Boyhood is, quite simply, about a young boy growing up in the United States. Nothing special, except for the rather extraordinary fact that director Richard Linklater managed to get the same group of people (Ellar Coltrane, Patricia Arquette, Lorelei Linklater, and Ethan Hawke) to agree to be filmed a few weeks a year for 12 consecutive years. I’m sure you’ve heard about that feat of coordination as well. It would be wrong to describe this as a movie with a plot. It’s just a peek inside of a few people’s lives as they ebb and flow. Things happen, but organically. If it weren’t for the high quality of the film, and its ability to perfectly capture all of the “key” moments, you could reasonably believe that it was real.

Which is part of the reason why I have a hard time evaluating this film. Is it good? Oh yeah, definitely. Is it great? I’m not sure. It resembles my own life so closely that it’s impossible for me to separate my experiences from those captured on Linklater’s camera. And believe me, I am fully aware that that was the point. It’s somewhat eerie seeing most of your life up on a big screen. I’m not just talking nostalgia — it’s something both more profound and belittling  than that. Those striped denim jeans that Samantha was wearing? I had a pair of those, and so, apparently, did all girls in elementary school. Common features of my life that I didn’t even realize were common were suddenly revealed as archetypes. I don’t think it helps that I spent three years in Wichita Falls, Texas and two years in San Antonio. Even the landscape, the brick facades of the houses in which Mason lived, were nearly identical to those I occupied. The only thing missing was a fluffy, friendly dog.

Closely evaluating the film would mean subjecting myself to a possibly uncomfortable level of self-scrutiny. To say that it resonated with me would be an understatement, and I suspect that the same is true for the vast majority of people who’ve seen it. I felt like someone had hidden a tape recorder in my home, my car, my school and gotten ahold of all of the conversations I’ve ever had, then played them back to me with someone else speaking the words. Boyhood isn’t really an accurate title; something even more generic, like “Life,” would be better. (But who would go see a movie called Life? I probably wouldn’t. It’s too epic and self-congratulatory).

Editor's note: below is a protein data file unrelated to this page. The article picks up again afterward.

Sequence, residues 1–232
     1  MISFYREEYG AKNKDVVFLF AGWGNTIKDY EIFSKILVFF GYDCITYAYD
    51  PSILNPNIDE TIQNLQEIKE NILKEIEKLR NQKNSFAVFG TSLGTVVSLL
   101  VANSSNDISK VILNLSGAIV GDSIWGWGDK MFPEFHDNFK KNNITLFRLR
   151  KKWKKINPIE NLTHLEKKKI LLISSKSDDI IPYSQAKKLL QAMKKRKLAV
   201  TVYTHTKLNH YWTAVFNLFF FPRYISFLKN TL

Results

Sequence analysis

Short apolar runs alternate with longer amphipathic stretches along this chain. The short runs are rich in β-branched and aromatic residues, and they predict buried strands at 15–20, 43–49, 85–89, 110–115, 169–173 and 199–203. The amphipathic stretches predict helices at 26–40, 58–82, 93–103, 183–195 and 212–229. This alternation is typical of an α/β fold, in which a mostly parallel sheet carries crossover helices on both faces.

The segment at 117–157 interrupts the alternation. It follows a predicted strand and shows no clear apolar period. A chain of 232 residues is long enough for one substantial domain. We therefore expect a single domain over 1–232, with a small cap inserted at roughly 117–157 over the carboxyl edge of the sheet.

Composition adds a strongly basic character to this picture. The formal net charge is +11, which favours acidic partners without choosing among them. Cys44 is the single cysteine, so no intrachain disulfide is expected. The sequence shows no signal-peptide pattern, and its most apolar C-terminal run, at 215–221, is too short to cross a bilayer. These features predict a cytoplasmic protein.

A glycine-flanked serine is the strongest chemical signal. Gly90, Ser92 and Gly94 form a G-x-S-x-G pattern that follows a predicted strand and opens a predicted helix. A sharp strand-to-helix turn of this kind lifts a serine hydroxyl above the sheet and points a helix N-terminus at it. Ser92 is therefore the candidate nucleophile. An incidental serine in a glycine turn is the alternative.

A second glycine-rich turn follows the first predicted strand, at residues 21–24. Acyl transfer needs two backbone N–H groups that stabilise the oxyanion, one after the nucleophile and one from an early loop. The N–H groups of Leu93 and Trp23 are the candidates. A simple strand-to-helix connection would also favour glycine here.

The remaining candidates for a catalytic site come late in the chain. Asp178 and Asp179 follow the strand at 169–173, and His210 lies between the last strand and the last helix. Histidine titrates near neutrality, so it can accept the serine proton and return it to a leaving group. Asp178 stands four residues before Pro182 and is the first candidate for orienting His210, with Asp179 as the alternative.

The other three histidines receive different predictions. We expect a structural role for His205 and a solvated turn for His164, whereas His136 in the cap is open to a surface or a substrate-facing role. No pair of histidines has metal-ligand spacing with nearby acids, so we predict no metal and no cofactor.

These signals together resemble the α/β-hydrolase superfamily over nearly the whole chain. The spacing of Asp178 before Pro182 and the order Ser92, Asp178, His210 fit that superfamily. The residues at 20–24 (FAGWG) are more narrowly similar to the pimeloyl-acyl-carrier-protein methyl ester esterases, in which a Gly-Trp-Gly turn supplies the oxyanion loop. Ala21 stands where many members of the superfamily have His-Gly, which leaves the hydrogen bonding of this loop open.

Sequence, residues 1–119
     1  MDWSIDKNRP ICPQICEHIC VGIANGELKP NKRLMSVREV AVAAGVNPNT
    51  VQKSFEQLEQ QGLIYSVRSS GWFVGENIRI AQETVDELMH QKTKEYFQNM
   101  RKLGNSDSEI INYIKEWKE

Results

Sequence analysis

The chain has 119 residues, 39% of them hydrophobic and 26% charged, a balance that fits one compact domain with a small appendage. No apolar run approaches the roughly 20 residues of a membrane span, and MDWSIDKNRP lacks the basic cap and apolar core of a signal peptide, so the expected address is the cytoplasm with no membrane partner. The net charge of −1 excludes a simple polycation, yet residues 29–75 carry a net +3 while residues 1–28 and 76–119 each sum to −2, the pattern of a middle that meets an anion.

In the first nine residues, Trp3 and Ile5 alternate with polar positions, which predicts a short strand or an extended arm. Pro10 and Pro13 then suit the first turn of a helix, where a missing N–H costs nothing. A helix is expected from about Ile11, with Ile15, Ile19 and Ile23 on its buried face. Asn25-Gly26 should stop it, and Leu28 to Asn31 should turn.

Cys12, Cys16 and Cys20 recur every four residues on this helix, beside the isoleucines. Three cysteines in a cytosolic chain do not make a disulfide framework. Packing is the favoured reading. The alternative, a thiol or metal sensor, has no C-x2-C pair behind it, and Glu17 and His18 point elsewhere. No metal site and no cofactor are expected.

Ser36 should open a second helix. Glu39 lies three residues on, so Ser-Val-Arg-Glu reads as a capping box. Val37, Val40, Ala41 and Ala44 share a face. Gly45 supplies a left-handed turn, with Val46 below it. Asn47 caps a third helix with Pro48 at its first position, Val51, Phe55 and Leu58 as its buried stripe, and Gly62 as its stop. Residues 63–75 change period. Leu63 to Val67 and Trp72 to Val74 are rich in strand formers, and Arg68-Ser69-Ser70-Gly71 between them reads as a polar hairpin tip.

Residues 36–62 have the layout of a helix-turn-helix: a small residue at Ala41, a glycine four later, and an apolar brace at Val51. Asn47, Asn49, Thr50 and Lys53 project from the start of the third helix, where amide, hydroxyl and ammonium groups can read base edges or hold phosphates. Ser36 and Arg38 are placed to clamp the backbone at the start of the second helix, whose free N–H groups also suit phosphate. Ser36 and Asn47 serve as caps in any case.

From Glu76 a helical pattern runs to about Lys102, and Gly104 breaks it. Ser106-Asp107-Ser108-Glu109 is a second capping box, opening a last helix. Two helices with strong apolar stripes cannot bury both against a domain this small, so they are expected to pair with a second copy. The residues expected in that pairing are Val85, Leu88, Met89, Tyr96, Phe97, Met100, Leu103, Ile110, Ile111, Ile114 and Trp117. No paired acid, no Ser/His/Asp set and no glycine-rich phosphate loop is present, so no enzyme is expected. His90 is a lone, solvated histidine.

I think this movie works best if you’re white or middle-class. Certainly, it’s meant for Americans. It feels so familiar, as though someone held up a mirror for you to watch your experiences play back in astonishing clarity. Those assumptions about familiarity, though, run deep throughout the film. What does it mean to say that Nintendos are familiar, that of course you dress up for the midnight release of Harry Potter and the Half-Blood Prince, grabbing your hardbound, pre-paid copy from the attendant, only to flounce home in your cape and plastic glasses and read it under the covers in your own room, in a brick-fronted house, before being dropped off at a featureless stone building for school the next day? It felt familiar to me, but did it feel familiar to everyone? I’m almost certain that it didn’t, and the movie is an uncomfortable reminder not only of the typicalness of my life, but everything that I haven’t been given a reason to question.